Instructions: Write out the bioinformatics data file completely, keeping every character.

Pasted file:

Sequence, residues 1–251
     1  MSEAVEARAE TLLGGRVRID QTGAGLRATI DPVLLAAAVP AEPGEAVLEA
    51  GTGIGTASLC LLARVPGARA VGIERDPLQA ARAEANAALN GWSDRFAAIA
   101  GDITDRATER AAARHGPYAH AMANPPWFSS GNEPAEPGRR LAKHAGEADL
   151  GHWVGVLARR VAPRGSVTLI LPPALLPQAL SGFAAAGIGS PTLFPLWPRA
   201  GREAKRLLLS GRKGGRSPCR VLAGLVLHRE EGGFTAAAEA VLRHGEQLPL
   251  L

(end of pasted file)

Sequence, residues 1–251
     1  MSEAVEARAE TLLGGRVRID QTGAGLRATI DPVLLAAAVP AEPGEAVLEA
    51  GTGIGTASLC LLARVPGARA VGIERDPLQA ARAEANAALN GWSDRFAAIA
   101  GDITDRATER AAARHGPYAH AMANPPWFSS GNEPAEPGRR LAKHAGEADL
   151  GHWVGVLARR VAPRGSVTLI LPPALLPQAL SGFAAAGIGS PTLFPLWPRA
   201  GREAKRLLLS GRKGGRSPCR VLAGLVLHRE EGGFTAAAEA VLRHGEQLPL
   251  L